Not a whole lot else to tell about that except one day, I was still relief projectionist at the theater from time to time, if I had time. I would open that gas station at 6 in the morning and kept it open until 6 in the evening and on Saturdays, until 10 or midnight even. So I didn’t have a lot of time and that was seven days a week, but occasionally I would work at the theater when O.V. wanted off.
And one day I got a long distance call from a man named Carl Christian over at Des Arc, Arkansas, which is about 60 or 75 miles away. And he said, “I'm sick in bed and my chief projectionist is at another theater out of town and I need a projectionist tonight—bad.” I said, “Well, that is a long way over there and I don’t know if I could get over there or not.” I didn’t have a car. I was driving by then but I was driving a car that belonged to the man I worked for and the cars around the station and everything. So he said, “Well, I'm opening up a new theater in Tuckerman and I am looking for someone I could send up there to manage that theater.” I said, “Well, I'm only…” (I was barely 16, I think, by then.) You know, someday I will verify those dates. We will be unpacking something and I will find things and one will help verify another one, but we are not far enough off to be of any significance anyhow. So he was dangling this carrot in front of me, plum or whatever you want to call it, and it was tempting. Theater manager at sixteen. So I hitchhiked and caught a ride over there. I think it took me two rides to get there, but I got there. And this theater was at an old Masonic Temple, called the Temple Theater. I was late and I went straight to the theater and the lady who sold tickets had already had some audience in there waiting for a projectionist.
During this tenure at Tuckerman, I trained another fellow to operate the projection machines. His name was Layman Runsick. I taught him to run the projectors and he gave me some relief. He didn’t always show up when I needed him so I was intermittently projectionist and manager during that period. It wasn’t a real big deal. I think I made $25 a week and I stayed at Mrs. Burkhalder’s—how these names are coming back to me (laughter)—boarding house. She had a restaurant across the street from the theater about a half block down and her home was across the alley behind that. I rented a room in her home and had my own bedroom with a bath, indoor plumbing and ate three meals a day at the restaurant and you would never guess how much. Seven dollars a week.
ALLEN: So this was really your first totally being on your own situation. Otherwise you had been living with people.
DAVIDSON: Yeah, I hadn’t thought about that, but that is true.
ALLEN: Had you had any contact with your sisters at this point?
DAVIDSON: Oh, there is an element that I completely left out. And I guess we need to go back, way back. Two weeks after I ran away from Demopolis, Alabama, they ran away. There was a ravine behind the house and it was very deep and it got more and more shallow and more narrow. At a point where it got narrow and not so deep, there was a foot log and it went across and there were some houses back there. They had given me their word they would not run away and they would wait until I came back, but Ralph Gregory was so mean to them that they were forced to run away. He was beating up on them. I left something else out. When I left there I had bleeding welts from my neck down to my buttocks where he had beaten me with a leather razor strap, you know, like you sharpen razors on. He had beat me with that. He made me take my shirt off and lower my pants and bend over the bathtub and they were still bleeding when I left there.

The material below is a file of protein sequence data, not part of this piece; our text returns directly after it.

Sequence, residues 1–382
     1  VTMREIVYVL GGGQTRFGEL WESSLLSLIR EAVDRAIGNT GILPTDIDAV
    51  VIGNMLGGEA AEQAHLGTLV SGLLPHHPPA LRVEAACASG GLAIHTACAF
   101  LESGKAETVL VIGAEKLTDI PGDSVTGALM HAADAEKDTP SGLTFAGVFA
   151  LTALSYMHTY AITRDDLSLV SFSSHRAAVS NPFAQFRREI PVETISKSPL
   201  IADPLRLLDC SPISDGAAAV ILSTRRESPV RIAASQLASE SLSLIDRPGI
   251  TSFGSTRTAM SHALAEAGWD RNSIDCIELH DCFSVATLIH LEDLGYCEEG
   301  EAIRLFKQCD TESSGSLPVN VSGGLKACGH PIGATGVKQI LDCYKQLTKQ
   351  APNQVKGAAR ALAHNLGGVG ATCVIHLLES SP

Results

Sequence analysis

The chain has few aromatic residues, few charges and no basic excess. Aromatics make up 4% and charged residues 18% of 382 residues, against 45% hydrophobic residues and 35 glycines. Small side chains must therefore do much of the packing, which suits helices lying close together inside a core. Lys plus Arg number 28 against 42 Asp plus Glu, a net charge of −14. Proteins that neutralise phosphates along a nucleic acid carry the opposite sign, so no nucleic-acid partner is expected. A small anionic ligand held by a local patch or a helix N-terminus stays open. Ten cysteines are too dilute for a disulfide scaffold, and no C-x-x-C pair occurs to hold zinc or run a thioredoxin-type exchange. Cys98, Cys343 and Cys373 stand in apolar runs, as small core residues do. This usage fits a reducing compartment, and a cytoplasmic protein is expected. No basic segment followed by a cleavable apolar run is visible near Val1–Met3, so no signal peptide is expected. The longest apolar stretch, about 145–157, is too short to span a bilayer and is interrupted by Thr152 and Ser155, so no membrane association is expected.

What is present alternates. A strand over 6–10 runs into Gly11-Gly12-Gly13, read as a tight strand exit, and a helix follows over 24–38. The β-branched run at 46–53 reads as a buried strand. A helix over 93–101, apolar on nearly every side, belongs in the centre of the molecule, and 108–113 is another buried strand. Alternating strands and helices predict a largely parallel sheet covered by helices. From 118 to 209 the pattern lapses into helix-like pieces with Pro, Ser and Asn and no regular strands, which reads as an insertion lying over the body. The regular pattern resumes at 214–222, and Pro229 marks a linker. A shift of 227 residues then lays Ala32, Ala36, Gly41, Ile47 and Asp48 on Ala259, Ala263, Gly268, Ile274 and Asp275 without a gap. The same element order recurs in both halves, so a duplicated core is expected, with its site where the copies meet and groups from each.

Anyhow, they ran away and by then I had only stayed a few weeks at Lonoke with Uncle Sam and Aunt Lilie Mae and I was down at Cabot. A neighbor in Demopolis knew that Gregory was mean and knew about us and hid the girls in a closet and called the police. The police came out and they got some money together somehow and put the girls on a train and sent them to Cabot. So no one around there could afford to keep any of us and they put the girls in the Southern Christian Home at Morrilton, Arkansas, which is about 50 or 60 miles west, northwest of Little Rock. It’s on the Interstate between there and Fort Smith now. This is a Christian church orphanage. And they went right on through high school there. They got me up to the front steps on at least one occasion and I ran away so I never spent any time in an orphanage.
ALLEN: Did you stay in contact with your sisters?
DAVIDSON: From time to time, yes. We wrote and I saw them infrequently. Where were we?
ALLEN: You had just rented the room.
DAVIDSON: Oh, OK. So I had a red ’34 or ’35 Ford panel truck that Carl had furnished me as part of my job. He wanted me to train somebody to be a projectionist at Tuckerman because part of my job was if equipment broke down at another theater, I had to go repair it. It could be the audio equipment or the mechanical projectors. It didn’t happen too often, but it did happen from time to time and he expected me to do it. I don’t know if that’s mentioned in there or not; it probably is. So it was during this period, I was barely 17, and got married. I don’t know whether this ought to be on here or not.